How much of an impact, do we see, any of that having in races?

  • Tamara Keith:

    Well, what we know is that a couple of weeks ago, we had an NPR/Marist poll that came out that showed significant erosion in support for President Trump and in the sort of generic ballots, the generic Democrat vs. generic Republican, that erosion happening in the Upper Midwest, those states that President Trump won or nearly won in the Upper Midwest that have been affected by these trade policies.

  • Judy Woodruff:

    So, at this point, Amy, we're saying there may be some effect?

  • Amy Walter:

    It may be the effect of voters saying, this isn't really what I necessarily bargained for when I was supporting the president.

    What I had heard from groups that I spoke with who are involved in the ag industry — at least, this was a couple months ago — the feeling that, look, I don't really love these tariffs. They're definitely hurting my bottom line. But I still trust the president, because he's going to do the right thing eventually.

    The question is, how long is their patience? How long of a rope do they give the president on this before they say, you know what, it doesn't look like we're getting any better deal, it doesn't look like the thing with China's getting fixed?

    And they may not be supportive of Democrats, but they are not turning out in support of Republicans.

  • Judy Woodruff:

    OK, the thing we are watching, Tam, this week — and we have been talking about it at the lead of the program — is Brett Kavanaugh, his confirmation, now this second woman coming forward with allegations.

    I know it's early. The hearings are three days away — hearing on Thursday. But what do we see at this point in terms of how Republicans are playing this? They have to be concerned, because they're worried about women voters in particular.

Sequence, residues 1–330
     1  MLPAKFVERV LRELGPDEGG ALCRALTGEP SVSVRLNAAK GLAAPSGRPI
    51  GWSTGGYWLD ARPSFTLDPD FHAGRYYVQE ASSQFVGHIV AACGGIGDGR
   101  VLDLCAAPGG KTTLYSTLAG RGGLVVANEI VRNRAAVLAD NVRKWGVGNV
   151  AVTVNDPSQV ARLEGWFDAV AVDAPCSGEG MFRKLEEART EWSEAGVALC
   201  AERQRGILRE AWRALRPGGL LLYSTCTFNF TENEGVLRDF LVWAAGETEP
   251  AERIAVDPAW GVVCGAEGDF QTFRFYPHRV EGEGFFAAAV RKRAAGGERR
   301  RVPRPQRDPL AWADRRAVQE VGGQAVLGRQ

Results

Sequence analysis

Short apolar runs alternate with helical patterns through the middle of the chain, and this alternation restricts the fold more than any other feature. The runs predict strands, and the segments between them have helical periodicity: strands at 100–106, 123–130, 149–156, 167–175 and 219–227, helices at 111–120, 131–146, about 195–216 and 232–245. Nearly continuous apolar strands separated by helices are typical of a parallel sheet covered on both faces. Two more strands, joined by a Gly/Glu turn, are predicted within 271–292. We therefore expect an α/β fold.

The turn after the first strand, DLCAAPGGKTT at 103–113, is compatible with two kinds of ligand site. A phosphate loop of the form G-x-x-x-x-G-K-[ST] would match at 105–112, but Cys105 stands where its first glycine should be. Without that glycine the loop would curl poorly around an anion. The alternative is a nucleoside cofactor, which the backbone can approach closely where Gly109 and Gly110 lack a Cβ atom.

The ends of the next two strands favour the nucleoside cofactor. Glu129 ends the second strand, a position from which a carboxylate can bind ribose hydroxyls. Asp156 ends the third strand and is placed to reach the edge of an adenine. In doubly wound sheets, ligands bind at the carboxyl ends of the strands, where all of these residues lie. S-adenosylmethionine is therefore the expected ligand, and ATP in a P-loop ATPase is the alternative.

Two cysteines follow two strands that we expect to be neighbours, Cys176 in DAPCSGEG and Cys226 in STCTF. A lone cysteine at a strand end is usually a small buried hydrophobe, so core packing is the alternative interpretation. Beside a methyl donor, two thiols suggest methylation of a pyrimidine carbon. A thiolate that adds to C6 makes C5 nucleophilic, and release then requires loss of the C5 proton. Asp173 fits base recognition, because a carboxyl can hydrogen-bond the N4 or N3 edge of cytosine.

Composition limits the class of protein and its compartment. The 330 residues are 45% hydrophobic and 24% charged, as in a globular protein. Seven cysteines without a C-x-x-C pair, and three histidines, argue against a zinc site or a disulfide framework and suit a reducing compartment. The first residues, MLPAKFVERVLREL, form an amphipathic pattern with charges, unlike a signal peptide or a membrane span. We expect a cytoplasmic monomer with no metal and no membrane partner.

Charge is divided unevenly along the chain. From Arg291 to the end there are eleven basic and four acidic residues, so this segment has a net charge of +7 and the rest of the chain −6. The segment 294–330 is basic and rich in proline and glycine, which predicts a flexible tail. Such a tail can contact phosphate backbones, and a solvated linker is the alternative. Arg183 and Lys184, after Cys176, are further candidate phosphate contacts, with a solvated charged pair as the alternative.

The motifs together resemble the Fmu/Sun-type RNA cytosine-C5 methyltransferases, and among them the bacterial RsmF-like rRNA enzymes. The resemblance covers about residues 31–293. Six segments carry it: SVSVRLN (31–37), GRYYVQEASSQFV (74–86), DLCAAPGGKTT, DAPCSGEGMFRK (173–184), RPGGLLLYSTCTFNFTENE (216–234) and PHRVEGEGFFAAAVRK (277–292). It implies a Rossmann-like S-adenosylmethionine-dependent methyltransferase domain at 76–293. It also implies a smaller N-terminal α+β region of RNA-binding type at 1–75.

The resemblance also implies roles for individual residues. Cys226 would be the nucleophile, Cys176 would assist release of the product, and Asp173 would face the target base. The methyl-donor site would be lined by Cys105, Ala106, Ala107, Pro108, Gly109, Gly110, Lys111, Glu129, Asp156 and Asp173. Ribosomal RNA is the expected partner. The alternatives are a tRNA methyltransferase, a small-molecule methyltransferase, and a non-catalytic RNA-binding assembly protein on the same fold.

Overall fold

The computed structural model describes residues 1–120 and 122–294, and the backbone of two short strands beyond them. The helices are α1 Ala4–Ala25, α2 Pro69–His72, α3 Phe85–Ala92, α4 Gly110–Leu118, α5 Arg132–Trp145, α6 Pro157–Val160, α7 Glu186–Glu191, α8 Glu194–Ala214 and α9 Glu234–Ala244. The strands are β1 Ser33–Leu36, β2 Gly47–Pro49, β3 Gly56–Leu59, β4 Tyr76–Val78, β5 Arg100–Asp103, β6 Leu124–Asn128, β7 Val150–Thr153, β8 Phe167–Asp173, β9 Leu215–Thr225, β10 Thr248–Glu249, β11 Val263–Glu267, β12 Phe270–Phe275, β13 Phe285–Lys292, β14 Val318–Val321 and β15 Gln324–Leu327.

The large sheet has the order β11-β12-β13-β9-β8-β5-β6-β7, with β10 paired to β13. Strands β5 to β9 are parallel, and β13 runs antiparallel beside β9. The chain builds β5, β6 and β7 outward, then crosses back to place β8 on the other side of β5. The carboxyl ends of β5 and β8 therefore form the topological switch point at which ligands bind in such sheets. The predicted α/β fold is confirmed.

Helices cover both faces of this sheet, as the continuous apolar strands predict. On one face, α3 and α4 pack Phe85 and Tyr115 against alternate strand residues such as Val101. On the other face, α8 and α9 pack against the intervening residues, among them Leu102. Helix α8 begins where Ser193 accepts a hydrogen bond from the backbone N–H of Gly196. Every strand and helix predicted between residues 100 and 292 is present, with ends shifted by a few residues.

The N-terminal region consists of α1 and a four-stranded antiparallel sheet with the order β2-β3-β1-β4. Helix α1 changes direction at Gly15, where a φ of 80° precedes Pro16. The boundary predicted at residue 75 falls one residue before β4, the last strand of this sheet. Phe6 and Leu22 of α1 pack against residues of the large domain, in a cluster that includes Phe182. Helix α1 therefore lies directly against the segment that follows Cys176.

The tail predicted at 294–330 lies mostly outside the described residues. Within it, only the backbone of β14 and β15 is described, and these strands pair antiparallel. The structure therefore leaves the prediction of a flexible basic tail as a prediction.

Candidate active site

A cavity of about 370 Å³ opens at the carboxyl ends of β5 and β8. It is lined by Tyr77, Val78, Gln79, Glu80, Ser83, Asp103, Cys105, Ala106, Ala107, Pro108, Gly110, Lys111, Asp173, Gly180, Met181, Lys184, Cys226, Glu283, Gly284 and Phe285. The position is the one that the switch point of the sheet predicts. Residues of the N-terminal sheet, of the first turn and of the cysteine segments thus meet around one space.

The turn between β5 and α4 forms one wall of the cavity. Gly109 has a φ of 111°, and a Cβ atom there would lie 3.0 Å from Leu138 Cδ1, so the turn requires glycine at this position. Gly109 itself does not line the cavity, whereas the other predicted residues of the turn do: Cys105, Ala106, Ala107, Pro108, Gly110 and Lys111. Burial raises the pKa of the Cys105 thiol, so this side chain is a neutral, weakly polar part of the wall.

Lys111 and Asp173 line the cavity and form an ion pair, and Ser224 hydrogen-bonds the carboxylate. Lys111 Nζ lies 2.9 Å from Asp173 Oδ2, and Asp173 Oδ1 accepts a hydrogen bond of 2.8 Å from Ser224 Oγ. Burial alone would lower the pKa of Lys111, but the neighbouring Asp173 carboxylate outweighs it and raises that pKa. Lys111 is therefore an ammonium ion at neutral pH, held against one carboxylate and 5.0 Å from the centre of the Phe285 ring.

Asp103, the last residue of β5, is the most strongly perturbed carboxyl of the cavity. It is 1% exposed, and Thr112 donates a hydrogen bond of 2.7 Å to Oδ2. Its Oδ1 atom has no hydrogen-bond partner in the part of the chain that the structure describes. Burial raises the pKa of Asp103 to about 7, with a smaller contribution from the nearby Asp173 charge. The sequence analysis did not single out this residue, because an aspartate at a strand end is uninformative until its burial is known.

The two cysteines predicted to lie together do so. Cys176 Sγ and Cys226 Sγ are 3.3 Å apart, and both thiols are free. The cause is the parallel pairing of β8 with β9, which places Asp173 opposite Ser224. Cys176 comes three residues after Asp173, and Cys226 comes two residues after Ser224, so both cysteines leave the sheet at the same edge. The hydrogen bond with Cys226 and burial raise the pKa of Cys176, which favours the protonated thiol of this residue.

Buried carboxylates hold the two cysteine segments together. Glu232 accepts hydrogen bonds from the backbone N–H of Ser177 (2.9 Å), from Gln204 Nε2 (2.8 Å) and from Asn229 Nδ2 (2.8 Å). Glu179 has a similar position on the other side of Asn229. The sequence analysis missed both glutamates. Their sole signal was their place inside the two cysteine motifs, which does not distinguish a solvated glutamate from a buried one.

• Tamara Keith:

    Certainly.

    And though if you look at sort of the way this has progressed, with the way the White House and their Republican allies have approached this, early on, they were very careful. They wanted to seem as respectful as humanly possible. They didn't want to question the accuser.

    And now they have gotten to a point, the president has tweeted a few things, and sort of the proactive White House messaging is, this is a left-wing smear campaign. It has moved a long way. They are taking a different tack now.

    And as one Republican told me, the president likes a good fight, and they are now taking the fight to this — to this nomination.

  • Judy Woodruff:

    Are they taking a risk by doing that, Amy, or is it — do we know?

  • Amy Walter:

    I reached out to some of my campaign strategist sources today, and they have the same impression that I did, too, which is, it's really hard to know where this thing goes.

    Sometimes, in politics, it's OK to say, I just don't know where this is going to go, especially if there is a hearing, what response the American public is going to have to Christine Blasey Ford, to Judge Kavanaugh, to the questions being asked, to the questions and the way that those questions are asked.

    And so I think it does — it is worth waiting maybe a little bit to know how this plays.

  • Judy Woodruff:

    Right.

  • Amy Walter: